As China-Japan Tensions Escalate, Tourists and Flights Fall Victim
Last Sunday morning, Han Song, a journalist and blogger, should have been on a plane to Japan to attend a friendly meeting between Chinese and Japanese writers. But the Chinese side canceled it, and instead he was in the office editing articles attacking Japan.
Han detailed the experience on his Sina blog on Sept. 16, after he became one of the tens of thousands of Chinese who over the last couple of weeks have canceled—or had canceled for them—their trips to Japan.
“We’d been preparing for months, and many people had spent so much energy, care, and money,” he said. “At key moments, face-to-face relations are so important between the two countries.”
But as tensions between the two nations over a disputed set of rocky islands in the East China Sea increase, Chinese tourist agents and travelers are scaling back their plans, on a massive scale.
One of the largest travel agencies in China, Kanghui, recently terminated plans to send 50,000 Chinese tourists to Japan this year in celebration of 40 years of normalized diplomatic relations between the two countries.
It has also notified 5,500 branches across China to take Japan tours off the menu.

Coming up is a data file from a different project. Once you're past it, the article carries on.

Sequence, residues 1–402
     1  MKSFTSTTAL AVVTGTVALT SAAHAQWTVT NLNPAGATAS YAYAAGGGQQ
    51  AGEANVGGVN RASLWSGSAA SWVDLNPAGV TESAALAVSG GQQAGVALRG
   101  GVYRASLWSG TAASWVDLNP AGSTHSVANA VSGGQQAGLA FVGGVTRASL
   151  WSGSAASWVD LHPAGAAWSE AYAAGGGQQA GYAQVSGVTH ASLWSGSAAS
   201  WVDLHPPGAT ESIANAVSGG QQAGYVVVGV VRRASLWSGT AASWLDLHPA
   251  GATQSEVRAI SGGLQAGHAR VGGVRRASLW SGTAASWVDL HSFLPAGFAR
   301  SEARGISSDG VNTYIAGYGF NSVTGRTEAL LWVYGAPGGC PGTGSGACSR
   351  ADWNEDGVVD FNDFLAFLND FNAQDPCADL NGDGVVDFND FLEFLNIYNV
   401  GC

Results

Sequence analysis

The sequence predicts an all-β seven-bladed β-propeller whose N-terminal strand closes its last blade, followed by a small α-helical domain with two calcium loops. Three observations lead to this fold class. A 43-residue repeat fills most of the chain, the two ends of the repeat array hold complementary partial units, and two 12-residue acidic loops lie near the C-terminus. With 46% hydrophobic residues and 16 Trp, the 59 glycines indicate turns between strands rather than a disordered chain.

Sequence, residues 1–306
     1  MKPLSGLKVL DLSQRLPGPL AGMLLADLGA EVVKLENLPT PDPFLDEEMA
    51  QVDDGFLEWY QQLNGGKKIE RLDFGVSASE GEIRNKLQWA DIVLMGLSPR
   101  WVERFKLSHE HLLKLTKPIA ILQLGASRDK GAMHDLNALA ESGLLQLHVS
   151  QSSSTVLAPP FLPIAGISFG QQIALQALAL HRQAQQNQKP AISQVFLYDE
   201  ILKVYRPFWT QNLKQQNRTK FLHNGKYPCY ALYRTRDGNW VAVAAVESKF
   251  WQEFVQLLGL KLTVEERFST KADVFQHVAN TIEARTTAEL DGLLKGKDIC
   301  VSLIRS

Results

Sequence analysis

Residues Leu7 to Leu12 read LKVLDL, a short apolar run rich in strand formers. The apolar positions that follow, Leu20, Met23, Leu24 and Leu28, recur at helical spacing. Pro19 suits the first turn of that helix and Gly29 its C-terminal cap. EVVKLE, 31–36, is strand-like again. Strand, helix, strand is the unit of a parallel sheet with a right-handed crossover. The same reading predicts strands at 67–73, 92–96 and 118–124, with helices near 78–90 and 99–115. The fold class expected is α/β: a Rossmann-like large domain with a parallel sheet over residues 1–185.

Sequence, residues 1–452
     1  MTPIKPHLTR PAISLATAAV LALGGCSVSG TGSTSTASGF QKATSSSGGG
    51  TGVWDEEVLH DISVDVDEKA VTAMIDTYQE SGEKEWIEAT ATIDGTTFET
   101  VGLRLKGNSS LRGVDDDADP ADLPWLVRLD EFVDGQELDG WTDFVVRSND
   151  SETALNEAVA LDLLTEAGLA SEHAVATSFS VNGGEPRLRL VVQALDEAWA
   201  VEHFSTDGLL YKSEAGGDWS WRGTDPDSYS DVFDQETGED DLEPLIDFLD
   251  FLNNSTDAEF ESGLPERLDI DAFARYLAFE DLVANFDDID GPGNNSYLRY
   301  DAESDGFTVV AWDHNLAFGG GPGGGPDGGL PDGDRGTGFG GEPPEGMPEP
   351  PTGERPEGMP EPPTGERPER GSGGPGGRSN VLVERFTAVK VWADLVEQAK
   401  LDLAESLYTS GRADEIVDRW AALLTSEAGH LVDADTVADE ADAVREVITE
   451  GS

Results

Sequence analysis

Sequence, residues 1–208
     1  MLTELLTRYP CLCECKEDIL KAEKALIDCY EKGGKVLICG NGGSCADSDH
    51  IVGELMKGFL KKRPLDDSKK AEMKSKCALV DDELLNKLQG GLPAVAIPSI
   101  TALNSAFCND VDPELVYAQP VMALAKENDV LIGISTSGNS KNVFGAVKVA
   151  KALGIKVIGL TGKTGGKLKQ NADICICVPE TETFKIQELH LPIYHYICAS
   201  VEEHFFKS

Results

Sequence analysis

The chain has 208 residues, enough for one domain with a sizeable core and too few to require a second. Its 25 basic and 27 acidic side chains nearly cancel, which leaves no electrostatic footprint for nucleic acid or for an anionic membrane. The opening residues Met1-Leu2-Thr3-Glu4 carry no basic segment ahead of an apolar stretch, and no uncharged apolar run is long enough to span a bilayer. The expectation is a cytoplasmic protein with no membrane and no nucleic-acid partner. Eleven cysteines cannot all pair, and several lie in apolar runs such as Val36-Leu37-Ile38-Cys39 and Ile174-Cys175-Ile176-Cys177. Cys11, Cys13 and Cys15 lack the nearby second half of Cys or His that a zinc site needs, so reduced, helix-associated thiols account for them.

Japan Airlines has so far seen the cancellation of 12,000 tickets from customers traveling to and from China, according to Japan’s Nihon Keizai Shimbun, a large financial newpaper.
China Eastern Airlines has canceled plans to open a new route from Shanghai, in China’s south, to Sendai in Japan.
China Southern Airlines cut back on flights for the next two months, and Hainan Airlines suspended its Okinawa route, according to Hangzhou Daily, a Chinese newspaper.
Air China downgraded plane models for 34 routes including Beijing to Tokyo and Beijing to Nagoya, as well as Shanghai to Osaka and Tokyo routes.
In addition, 36 flights running these routes have been canceled. Air China estimates that even with the cancellations and adjustments, attendance of these flights will only be 60 percent over at least the next few weeks.
Read the original Chinese article.
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